Anorak | Trump voters least likely to stomach smell of other people

Trump voters least likely to stomach smell of other people

by | 1st, March 2018

“Get a life in which you notice the smell of salt water pushing itself on a breeze over the dunes,” said Anna Quindlen in her Short Guide to a Happy Life. In a shorter guide: if you want to smell the linen and Alpine air, avoid Lefties. They stink and don’t much mind.

Jonas Olofsson at Stockholm University, Sweden, has linked a person’s response to smell to their politics. The less tolerant you are of another’s person’s stench, the further to the right you veer. Your attitude to personal hygiene can influence which political crowd you run with.

A test group of volunteers responded to questions about how revolting they found exposure to someone else’s sweat, the urine, faeces and more. Paired with responses to such statements as “Our country needs a powerful leader, in order to destroy the radical and immoral currents prevailing in society today”, Olofsson noticed that respondents most disgusted by other people’s smells tended to score more highly for authoritarian views. “Those that were most supportive of Donald Trump had the highest body odour disgust sensitivity,” says Olofsson. “People who react strongly to odours might claim to have a sensitive nose, but when we test them, they are average.”

Adding: “We think that olfaction might be at the root of the pathogen detection system, so body odour disgust might be the most primitive, most fundamental way to detect pathogen.”

The study, which can be read in full here, speaks of Trump:

Only a few studies have investigated the relationship between disgust sensitivity and voting preferences. In Study 3, we found positive evidence in favour of a weak relationship between disgust sensitivity to body odours and attitudes toward the Republican candidate Donald Trump. Importantly, this relationship is fully explained by authoritarian attitudes which were stronger among participants supporting Trump, a result that confirms the notion that in our study sample, Donald Trump was capable of attracting the sympathies of authoritarian voters.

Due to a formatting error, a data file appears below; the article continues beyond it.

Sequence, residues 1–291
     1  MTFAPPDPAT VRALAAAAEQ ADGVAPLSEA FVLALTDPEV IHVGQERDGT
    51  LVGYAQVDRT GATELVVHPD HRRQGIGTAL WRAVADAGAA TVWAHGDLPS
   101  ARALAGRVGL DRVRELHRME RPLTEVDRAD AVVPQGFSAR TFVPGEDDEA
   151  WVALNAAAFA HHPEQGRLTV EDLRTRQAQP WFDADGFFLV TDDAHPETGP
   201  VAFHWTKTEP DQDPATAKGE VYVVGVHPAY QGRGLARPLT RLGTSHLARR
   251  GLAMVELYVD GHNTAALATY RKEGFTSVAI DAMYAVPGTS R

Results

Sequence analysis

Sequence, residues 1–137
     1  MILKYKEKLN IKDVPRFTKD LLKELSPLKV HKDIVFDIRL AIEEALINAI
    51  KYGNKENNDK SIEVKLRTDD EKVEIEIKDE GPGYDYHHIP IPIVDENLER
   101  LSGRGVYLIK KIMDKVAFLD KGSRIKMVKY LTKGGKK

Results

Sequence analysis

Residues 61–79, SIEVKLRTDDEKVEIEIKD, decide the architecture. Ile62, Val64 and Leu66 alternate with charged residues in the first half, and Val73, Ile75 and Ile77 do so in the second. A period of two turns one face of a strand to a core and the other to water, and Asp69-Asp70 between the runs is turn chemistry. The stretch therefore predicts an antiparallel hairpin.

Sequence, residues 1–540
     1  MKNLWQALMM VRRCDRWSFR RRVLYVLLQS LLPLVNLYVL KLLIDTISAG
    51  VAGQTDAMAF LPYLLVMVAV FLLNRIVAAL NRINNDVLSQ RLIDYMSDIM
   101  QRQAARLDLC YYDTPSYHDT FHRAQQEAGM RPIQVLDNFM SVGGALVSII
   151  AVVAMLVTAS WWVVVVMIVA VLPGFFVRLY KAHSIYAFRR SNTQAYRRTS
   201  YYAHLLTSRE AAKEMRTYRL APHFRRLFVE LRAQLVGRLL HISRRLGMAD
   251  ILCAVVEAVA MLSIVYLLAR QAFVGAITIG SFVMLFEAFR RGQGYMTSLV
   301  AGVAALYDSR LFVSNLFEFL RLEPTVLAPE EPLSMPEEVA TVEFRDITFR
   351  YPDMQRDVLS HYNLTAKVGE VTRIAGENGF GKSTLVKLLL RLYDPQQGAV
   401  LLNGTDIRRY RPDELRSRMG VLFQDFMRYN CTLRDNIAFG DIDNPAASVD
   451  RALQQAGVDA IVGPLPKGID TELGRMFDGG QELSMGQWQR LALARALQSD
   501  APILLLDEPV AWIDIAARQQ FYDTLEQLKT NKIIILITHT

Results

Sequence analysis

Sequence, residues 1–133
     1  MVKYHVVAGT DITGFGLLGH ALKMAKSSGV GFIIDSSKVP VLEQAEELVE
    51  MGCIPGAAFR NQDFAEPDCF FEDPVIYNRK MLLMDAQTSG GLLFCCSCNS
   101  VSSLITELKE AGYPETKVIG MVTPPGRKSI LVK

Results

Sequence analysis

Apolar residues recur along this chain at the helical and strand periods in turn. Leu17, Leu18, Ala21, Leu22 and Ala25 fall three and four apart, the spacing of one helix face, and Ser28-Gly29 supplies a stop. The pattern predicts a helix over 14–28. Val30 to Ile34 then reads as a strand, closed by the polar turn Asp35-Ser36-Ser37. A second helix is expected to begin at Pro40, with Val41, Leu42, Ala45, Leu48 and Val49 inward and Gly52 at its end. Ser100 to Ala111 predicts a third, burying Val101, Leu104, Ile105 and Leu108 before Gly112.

Anyone else see a line of Trump-endorsed scent-free perfumes?

In fact, it can be argued that Trump’s firm stance against immigration, especially from groups viewed as culturally unfamiliar, might meet an implicit need of protection from pathogen threats from people perceived as either potential carriers of unfamiliar pathogens, or groups whose behaviours in disease-avoidance relevant behaviours (e.g. hygiene or food preparation) was perceived as deviant. Our findings suggest that high reactivity to pathogen threats signalled by body odours is part of an ideological disposition towards authoritarian candidates, because of the link between disease avoidance and authoritarianism.

Build a wall and stick some fans on the top of it. An ill wind blows…

Posted: 1st, March 2018 | In: News, Politicians Comment | Follow the Comments on our RSS feed: RSS 2.0 | TrackBack | Permalink